From Iceland — Presidential Candidates: Ástþór Magnússon Wium

Presidential Candidates: Ástþór Magnússon Wium

Published May 9, 2024

Presidential Candidates: Ástþór Magnússon Wium

In light of the upcoming Icelandic presidential elections, we reached out to all candidates for answers to our pressing questions. Here is what one of them said.

Ástþór Magnússon Wium

Please provide your name, age and current occupation.  

Ástþór Magnússon Wium, founder of Peace 2000. 

Why do you want to be president?  

I want to mobilise Bessastaðir to cultivate peace and democracy. The President should serve as the nation’s impartial unifying symbol. I have no ties to political parties, nor have I worked with them and thus able to serve as the nation’s objective ombudsman at Bessastaðir. The President of Iceland should get a new role as an international spokesperson of peace and human rights. 

(It connects to the idea that Iceland should establish a peace university and a development centre of peace, democracy, and human rights, and the United Nations’ Peacekeeping be offered facilites at Keflavík Airport and that the presidential office should purposefully work towards bringing related operations to Iceland). Multiple academics in the field of peace agree with me that Iceland could be leading figure in peace and the development of democracy in the world.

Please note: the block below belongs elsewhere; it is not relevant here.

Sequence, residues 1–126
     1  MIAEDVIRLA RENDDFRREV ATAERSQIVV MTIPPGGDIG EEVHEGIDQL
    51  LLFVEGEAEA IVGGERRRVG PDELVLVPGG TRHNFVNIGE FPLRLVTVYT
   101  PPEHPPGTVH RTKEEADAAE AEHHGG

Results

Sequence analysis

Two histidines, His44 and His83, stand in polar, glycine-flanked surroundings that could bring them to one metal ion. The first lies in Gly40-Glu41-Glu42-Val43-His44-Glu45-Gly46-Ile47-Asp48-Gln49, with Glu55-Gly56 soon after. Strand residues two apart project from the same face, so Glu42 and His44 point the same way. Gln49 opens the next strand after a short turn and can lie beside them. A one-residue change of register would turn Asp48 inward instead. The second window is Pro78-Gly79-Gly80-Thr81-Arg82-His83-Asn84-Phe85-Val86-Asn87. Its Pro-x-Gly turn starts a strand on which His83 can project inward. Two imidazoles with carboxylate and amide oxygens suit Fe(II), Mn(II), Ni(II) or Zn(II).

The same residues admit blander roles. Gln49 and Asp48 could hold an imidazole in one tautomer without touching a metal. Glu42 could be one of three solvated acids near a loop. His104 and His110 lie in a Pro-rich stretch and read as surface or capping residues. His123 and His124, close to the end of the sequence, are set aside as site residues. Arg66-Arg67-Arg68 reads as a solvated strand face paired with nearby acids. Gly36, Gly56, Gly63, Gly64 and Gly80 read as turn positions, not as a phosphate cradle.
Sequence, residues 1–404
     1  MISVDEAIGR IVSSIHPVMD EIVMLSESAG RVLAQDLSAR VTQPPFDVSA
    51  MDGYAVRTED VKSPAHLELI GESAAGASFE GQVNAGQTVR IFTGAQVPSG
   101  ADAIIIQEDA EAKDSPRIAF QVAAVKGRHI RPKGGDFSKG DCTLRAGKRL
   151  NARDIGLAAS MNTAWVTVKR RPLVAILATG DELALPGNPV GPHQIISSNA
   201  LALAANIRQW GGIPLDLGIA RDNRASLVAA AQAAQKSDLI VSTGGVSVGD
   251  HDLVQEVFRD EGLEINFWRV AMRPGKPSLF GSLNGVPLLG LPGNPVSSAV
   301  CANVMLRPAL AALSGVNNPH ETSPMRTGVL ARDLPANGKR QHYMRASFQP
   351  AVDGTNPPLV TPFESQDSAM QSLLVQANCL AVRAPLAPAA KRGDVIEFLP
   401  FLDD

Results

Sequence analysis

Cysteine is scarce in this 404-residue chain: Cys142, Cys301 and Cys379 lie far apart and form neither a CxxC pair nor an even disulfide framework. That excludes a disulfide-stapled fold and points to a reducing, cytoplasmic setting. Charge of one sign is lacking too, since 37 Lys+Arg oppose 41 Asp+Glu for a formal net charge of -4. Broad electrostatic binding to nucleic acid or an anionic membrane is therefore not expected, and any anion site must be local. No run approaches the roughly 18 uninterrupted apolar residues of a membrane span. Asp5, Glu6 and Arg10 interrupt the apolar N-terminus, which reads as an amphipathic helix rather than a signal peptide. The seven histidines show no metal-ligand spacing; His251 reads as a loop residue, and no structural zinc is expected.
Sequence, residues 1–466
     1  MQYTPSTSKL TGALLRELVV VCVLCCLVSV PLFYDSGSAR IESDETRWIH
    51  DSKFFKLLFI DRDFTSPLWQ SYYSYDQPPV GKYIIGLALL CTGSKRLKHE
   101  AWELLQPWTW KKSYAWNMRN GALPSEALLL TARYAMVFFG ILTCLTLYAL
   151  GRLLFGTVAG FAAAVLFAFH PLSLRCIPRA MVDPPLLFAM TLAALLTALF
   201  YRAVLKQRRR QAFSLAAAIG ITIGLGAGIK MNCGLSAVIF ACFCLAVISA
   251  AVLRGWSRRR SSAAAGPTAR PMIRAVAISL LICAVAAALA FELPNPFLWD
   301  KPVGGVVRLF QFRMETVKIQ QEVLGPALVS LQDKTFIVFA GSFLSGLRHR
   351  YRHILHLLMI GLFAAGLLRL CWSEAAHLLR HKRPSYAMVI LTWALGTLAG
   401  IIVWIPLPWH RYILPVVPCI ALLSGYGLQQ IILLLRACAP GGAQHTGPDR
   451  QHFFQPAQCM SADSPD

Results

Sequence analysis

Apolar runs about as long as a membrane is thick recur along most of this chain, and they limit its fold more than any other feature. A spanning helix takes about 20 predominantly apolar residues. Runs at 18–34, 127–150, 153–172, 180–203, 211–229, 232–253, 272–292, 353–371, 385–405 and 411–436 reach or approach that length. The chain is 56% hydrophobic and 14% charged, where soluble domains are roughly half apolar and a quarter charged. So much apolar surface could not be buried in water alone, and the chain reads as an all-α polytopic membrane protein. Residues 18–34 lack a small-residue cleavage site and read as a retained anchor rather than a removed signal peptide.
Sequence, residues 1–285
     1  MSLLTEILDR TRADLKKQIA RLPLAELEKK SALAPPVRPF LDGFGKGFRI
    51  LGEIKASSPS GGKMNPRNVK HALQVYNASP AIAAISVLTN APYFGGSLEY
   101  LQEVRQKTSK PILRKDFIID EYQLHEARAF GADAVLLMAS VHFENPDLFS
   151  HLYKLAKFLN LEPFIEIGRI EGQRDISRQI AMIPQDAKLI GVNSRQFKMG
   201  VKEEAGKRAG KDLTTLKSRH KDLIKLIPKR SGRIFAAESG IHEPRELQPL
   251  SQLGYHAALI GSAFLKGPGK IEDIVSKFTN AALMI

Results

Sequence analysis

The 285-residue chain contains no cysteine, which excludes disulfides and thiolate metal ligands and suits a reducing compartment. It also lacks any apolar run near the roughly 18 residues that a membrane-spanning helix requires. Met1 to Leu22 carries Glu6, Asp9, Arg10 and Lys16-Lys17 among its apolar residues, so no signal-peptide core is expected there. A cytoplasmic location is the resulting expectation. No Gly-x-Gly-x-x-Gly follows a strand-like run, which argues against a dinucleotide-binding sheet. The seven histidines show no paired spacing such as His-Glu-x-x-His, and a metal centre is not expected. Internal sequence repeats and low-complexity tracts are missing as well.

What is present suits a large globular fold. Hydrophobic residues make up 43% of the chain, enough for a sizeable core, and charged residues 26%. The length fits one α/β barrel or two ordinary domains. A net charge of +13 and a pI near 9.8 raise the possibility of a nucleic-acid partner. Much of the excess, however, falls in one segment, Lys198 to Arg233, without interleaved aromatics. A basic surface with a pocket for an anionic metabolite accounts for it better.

If Icelanders would heed the call, a new and positive employment sector could be established which would bring thousands of Icelanders blooming opportunities in the future.  

Why should people vote for you for president rather than another candidate?  

There are only two options, peace or war. Through 28 years of advocating for peace, I have proved that as President, I will try everything to reach a peace agreement with Russia and prevent a nuclear attack which military specialists believe is imminent. If you decline the peace candidacy, you are throwing your vote on the fires of war and sending a clear message to the authorities to continue purchasing munitions with your taxes.